When a debtor files for Chapter 7 bankruptcy protection, all contracts between the debtor and his creditors are rendered “null and void”. A mortgage is a contract between the debtor ( the mortgagor) and the lender (the mortgagee). If the debtor files for bankruptcy and wishes to keep his home, then he must reinstate the mortgage. He does so by signing a document called a reaffirmation agreement.
The reaffirmation agreement is provided by the lender. It does NOT start the mortgage all over again. Rather, it reinstates the mortgage as if the debtor had never filed for bankruptcy in the first place. By signing the reaffirmation agreement, the debtor agrees to continue paying on the mortgage at the same monthly payment, at the same interest rate for however many months remain on the mortgage.
If the debtor wishes to surrender his home, this does not mean that he has to pack his bags and vacate the premises right away. The mortgage lender must start foreclosure proceedings, which typically take about 90 days from initiation to sale date. Once the foreclosure sale happens, the debtor automatically gets another 6 months after the sale before he has to vacate the premises. So the debtor can live in the home “rent free” for at least 9 months. This is a valuable right for the debtor. For example, if the debtor were to start paying rent at the rate of $1,000 per month once he vacates, by living rent free in the property for nine months, he would save $9,000 in rent.
Various factors come into play as to when a debtor should reaffirm a mortgage, or surrender a mortgage. If the debtor has “equity” in the house, then most likely he should reaffirm so as not to lose his equity. Equity is the difference between what the debtor owes on the mortgage and what the house sells for. Sometimes, the debtor might not have any equity, but his mortgage payment is so low that it is cheaper to continue paying the mortgage than to surrender the property and pay rent. Other times, the debtor might have a cheap mortgage payment, but the neighborhood went bad. No matter how cheap the mortgage payment is, if the neighborhood is no longer safe, the debtor may have to move for his safety.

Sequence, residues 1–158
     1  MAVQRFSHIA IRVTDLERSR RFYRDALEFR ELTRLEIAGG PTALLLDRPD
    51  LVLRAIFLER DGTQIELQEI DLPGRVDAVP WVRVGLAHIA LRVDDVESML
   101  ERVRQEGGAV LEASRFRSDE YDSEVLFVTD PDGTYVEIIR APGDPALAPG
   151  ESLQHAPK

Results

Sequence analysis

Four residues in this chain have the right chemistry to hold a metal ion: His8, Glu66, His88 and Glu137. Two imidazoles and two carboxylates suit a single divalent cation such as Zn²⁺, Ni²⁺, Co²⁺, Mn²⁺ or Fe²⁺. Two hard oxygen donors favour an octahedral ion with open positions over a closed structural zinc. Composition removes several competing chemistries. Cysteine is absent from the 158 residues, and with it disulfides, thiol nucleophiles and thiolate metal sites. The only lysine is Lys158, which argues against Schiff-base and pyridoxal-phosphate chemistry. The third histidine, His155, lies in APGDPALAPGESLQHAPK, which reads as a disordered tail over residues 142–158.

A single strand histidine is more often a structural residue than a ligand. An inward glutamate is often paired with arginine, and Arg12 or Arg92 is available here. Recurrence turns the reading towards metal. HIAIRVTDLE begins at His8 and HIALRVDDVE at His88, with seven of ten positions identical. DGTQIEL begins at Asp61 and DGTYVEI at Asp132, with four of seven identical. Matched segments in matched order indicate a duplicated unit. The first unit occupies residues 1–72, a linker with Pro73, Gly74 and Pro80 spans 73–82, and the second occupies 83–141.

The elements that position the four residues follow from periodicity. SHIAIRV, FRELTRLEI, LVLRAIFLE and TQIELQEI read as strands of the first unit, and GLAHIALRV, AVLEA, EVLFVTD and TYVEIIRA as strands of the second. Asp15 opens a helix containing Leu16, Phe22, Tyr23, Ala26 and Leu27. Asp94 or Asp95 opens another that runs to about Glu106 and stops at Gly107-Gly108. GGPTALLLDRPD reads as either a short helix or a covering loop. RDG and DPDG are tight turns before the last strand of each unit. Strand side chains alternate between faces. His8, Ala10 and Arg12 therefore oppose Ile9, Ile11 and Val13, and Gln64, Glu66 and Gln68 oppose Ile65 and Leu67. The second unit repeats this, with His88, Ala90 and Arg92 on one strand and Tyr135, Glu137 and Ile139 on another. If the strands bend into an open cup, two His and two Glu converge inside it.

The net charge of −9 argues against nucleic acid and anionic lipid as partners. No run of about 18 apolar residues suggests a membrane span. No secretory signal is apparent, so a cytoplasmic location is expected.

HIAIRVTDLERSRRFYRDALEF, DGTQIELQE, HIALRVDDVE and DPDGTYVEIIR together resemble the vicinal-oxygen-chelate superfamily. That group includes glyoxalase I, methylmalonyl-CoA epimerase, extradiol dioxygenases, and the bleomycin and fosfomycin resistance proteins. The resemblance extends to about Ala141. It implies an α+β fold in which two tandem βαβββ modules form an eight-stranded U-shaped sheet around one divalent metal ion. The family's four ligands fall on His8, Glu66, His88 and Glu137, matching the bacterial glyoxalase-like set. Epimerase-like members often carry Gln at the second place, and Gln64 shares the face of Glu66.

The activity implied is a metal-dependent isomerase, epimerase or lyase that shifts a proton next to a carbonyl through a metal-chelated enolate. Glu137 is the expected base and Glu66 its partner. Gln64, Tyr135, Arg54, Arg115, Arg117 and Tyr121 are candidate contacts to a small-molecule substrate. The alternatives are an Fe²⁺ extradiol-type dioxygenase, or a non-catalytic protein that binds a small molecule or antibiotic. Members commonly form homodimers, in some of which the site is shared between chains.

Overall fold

The biggest problem is whether the debtor should reaffirm when he owes significantly more on the mortgage than what the house is worth. If the debtor does NOT reaffirm the mortgage but stays current on the mortgage payment, the mortgage lender will let the debtor continue living in the house. This might seem like the best of both worlds. By not signing the reaffirmation agreement, the debtor could walk away at anytime, stop paying the lender, and have no liability whatsoever to the lender. However, if the debtor later gets his equity back due to property values appreciating, he would not be able to refinance the loan to obtain a better interest rate. He would also not be able to obtain a loan modification if he later falls behind on the mortgage payment but wants to keep the property. These are the potential rights he would lose by not signing a reaffirmation agreement.